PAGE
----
“Christy has problems with her legs and can barely walk,” said Lynelle, “with the bike she was mobile. Ever since Jerry has been gone, Christy has been wandering the streets. She can’t seem to find a place where she feels comfortable and safe. She does sleep in the Mission, but she doesn’t qualify for their programs.”
Lynelle and Christy communicate by writing on a tablet. After Jerry disappeared, Lynelle started learning sign language so they could communicate more readily.
“I think about what her world is like,” said Lynelle. “She can’t hear if someone comes up from behind her or if a car is honking at her. She can’t hear if someone is yelling at her to be careful. She also can’t yell if she needs help. She has to be very lonely. Christy and I have become very close. I have learned her sizes, favorite color, taste in clothing and what she likes to eat.”
Last winter, Christy’s hands got so dry they developed deep and painful cracks. Lynelle treated them as best she could, using Neosporin and various creams. Christy is only one of five deaf mutes Lynelle knows who are suffering from life on the streets.
Most everywhere Lynelle Solomon goes when on her missions of mercy, she sees people nodding off from the powerful effects of fentanyl.
“It’s everywhere,” she says. “I carry Narcan [Naloxone] wherever I go. I never know when I may have to try to treat someone for an overdose or when I might be exposed to the powder myself.”
Sometimes Lynelle finds homeless people who are in remarkably good shape. Usually, these are people living in motor homes or vehicles. Her friend Ralph has a large motor home and just enough income to keep it running and provide food enough for him, his partner Moni, and their small dog.
“Ralph is amazing,” said Lynelle. “When people were parked and camped on Daly Avenue just outside the city, Ralph helped everyone. He’s a former nurse and very capable. All Ralph needs is a place to park his vehicle — it would be so easy for the city and county to provide safe parking for people like Ralph, but they can’t seem to do it.”
In fact, officials from the City of Modesto have been working on a safe parking program for almost two years and still haven’t been able to make it work. Instead of safe parking and safe sleeping sites, both Stanislaus County and the City of Modesto continue to resort to sweeps and rousts as their primary strategies for dealing with rising numbers of homeless people. The Daly Avenue sweep left people like Ralph and Moni with nowhere to go, so they moved first onto a nearby street in the county, then into a spot within city limits. Most of the people without vehicles carried what few belongings they could into the city.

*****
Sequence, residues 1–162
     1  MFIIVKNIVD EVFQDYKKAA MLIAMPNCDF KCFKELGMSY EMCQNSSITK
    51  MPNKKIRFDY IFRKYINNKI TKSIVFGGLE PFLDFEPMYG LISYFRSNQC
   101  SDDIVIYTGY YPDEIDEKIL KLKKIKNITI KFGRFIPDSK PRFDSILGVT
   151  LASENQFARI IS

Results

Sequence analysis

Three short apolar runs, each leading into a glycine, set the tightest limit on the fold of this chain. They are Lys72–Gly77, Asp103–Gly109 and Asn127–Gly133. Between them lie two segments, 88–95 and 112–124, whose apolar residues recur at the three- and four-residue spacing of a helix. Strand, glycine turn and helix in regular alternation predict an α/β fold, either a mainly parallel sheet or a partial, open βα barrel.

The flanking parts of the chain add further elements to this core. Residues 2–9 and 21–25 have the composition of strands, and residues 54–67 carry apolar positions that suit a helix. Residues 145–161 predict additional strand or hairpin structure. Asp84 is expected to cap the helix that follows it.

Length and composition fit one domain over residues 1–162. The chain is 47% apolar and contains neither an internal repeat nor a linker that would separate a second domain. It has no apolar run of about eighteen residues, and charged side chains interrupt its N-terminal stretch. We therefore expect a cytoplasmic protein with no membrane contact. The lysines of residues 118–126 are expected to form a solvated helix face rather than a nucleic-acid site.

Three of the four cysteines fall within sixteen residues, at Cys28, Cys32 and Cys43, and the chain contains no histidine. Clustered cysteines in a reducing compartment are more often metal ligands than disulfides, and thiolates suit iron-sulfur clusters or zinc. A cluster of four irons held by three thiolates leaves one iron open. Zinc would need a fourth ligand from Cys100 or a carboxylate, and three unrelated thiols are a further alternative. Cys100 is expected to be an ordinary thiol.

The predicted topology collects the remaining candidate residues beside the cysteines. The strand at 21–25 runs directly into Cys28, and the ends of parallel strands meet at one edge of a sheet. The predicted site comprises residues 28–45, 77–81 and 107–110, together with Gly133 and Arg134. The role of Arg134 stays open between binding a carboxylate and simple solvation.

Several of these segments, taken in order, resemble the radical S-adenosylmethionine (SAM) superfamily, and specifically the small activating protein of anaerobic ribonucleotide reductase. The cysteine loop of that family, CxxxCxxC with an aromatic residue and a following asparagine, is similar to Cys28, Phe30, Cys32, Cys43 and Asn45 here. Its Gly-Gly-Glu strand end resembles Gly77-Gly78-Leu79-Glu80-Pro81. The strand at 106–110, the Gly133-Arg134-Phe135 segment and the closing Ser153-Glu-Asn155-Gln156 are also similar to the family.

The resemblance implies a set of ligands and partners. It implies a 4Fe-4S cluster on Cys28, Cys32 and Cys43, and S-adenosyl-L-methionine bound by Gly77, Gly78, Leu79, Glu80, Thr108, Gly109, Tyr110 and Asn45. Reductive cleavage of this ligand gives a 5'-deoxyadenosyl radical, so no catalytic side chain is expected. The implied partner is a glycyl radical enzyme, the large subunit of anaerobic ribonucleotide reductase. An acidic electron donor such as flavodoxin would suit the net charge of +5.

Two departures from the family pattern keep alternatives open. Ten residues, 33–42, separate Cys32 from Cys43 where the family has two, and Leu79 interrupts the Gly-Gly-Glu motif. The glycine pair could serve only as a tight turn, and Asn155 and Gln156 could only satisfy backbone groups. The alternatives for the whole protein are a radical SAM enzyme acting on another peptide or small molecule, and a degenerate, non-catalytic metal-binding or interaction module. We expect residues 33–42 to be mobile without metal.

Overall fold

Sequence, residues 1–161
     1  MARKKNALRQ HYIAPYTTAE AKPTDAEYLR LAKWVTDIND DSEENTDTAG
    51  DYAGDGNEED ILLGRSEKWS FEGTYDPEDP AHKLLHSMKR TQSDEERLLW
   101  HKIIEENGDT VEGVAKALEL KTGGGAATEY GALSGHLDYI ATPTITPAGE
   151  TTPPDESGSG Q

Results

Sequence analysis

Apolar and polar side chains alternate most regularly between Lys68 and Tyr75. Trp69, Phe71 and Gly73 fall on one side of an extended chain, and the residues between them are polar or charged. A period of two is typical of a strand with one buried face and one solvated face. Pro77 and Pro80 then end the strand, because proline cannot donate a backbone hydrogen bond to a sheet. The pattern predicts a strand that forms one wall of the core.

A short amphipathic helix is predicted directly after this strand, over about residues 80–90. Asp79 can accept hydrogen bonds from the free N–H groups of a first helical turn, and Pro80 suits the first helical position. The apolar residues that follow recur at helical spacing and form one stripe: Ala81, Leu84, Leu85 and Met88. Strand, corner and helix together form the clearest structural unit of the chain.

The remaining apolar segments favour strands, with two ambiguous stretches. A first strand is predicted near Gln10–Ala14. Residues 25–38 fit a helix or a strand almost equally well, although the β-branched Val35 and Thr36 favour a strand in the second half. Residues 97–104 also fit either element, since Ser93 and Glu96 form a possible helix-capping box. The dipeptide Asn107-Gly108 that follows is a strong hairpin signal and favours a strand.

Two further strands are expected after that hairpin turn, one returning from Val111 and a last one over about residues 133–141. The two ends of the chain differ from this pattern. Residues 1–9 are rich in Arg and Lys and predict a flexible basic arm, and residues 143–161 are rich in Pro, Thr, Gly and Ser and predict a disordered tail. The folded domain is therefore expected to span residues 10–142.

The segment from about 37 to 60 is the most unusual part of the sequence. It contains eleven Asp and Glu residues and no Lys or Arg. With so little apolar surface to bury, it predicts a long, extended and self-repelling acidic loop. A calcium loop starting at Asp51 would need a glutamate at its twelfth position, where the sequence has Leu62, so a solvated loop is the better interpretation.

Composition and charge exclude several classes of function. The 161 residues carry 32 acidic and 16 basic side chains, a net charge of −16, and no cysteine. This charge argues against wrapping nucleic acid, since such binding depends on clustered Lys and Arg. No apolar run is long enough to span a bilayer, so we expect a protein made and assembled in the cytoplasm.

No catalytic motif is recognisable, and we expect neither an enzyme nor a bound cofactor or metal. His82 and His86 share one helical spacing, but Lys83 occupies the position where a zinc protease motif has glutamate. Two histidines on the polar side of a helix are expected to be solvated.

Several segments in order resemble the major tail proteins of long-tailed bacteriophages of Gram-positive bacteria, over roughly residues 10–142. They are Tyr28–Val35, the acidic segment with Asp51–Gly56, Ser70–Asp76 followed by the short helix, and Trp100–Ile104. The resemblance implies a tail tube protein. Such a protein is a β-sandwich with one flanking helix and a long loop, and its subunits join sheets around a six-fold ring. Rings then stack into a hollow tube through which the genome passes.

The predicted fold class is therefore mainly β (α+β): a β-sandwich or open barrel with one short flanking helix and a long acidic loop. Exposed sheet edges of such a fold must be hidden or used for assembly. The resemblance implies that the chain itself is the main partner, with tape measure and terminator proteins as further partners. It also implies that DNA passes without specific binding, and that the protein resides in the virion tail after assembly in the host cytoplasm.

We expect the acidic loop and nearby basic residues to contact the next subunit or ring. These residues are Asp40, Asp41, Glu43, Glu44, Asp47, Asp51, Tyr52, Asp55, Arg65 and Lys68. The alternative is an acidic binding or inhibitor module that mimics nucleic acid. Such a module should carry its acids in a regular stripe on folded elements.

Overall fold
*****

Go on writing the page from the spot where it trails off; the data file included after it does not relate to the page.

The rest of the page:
“It would be a lot easier to take care of homeless people if they had somewhere to go,” says Lynelle Solomon, “Every time they get swept, I have to relocate them. When I do, they’re devastated. Imagine losing the only place you have to sleep and the only place where you have friends.”
Over the years she’s been on the streets, Lynelle has developed a following among friends and fellow volunteers. People donate to her missions of mercy, follow her Facebook page, and oftentimes accompany her on her trips into some of Modesto’s and Stanislaus County’s most distressed neighborhoods. She’s also become a member of the Stanislaus Homeless Advocacy and Resource Enterprise (SHARE), a non-profit that works closely with government and law enforcement to provide assistance for homeless people in dire need.
Despite all the support, Lynelle often feels frustrated by growing numbers of people in distress.
“There’s a breakdown in our systems of care,” she says, “especially health care. I feel like I’ve failed to show people that we’re in a crisis.”
While local authorities continue to claim they’re making “great progress” on homelessness, Lynelle Solomon disagrees: “It’s worse now than it ever was,” she says. “Much worse.”